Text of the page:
Johnson & Johnson, and its Janssen Pharmaceutical subsidiary, reached a deal worth more than $20 million with two Ohio counties - Cuyahoga and Summit - late Tuesday night.
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The conglomerate is the fifth drug company to reach a settlement with the two counties in order to avoid the first federal trial over the nation's opioids crisis,
J&J is not admitting liability in the settlement, which calls for the company to pay $10 million to the counties, and includes provisions for the company to reimburse the counties up to $5 million for legal expenses. The company will also contribute another $5.4 million to nonprofit organizations that deal with opioids.
“The settlement allows the company to avoid the resource demands and uncertainty of a trial as it continues to seek meaningful progress in addressing the nation’s opioid crisis. The company recognizes the opioid crisis is a complex public health challenge and is working collaboratively to help communities and people in need,” Johnson and Johnson said in a statement.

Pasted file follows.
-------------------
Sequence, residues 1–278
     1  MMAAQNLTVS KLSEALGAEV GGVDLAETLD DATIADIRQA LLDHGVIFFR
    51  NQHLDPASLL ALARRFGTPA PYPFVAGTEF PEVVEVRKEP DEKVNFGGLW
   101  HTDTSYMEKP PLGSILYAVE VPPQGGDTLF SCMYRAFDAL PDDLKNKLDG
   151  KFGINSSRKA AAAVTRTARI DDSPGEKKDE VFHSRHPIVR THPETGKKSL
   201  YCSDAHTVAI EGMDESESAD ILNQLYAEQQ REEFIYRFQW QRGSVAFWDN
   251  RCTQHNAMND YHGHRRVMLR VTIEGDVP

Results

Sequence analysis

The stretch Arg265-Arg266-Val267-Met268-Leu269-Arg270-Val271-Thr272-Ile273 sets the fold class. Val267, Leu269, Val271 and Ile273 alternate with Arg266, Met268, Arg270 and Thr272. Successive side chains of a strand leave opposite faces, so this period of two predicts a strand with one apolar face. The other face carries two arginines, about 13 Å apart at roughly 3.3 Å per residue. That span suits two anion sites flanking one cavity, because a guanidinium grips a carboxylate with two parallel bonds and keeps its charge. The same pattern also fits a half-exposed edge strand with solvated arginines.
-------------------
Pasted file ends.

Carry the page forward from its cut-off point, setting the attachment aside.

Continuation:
“This settlement represents yet another milestone in this litigation as it gets much-needed funding into the community while at the same time providing support for programs addressing opioid-exposed babies and their families"
In late August, Allergan announced a $5 million settlement with the Ohio counties, and Endo, another opioid drug maker, previously settled for $10 million.
More than 2,500 counties and cities across the country have filed suits against drug manufacturers, distributors and pharmacies over the opioid epidemic. Other parties include Walmart, Walgreens, CVS and Rite Aid.
“This settlement represents yet another milestone in this litigation as it gets much-needed funding into the community while at the same time providing support for programs addressing opioid-exposed babies and their families,” said Frank L. Gallucci, an attorney for the plaintiffs.
On August 26, an Oklahoma judge found Johnson & Johnson guilty in fueling the state's opioid crises and ordered the corporation to pay $572 million because a judge ruled that the company should be held responsible for increasing that state's opioid epidemic by aggressively marketing painkillers.